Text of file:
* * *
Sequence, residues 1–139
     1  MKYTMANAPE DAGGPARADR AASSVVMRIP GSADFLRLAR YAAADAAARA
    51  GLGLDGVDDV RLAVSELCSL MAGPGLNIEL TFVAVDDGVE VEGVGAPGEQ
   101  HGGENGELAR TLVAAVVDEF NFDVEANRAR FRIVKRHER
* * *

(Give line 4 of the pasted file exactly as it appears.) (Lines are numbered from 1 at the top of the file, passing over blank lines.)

   101  HGGENGELAR TLVAAVVDEF NFDVEANRAR FRIVKRHER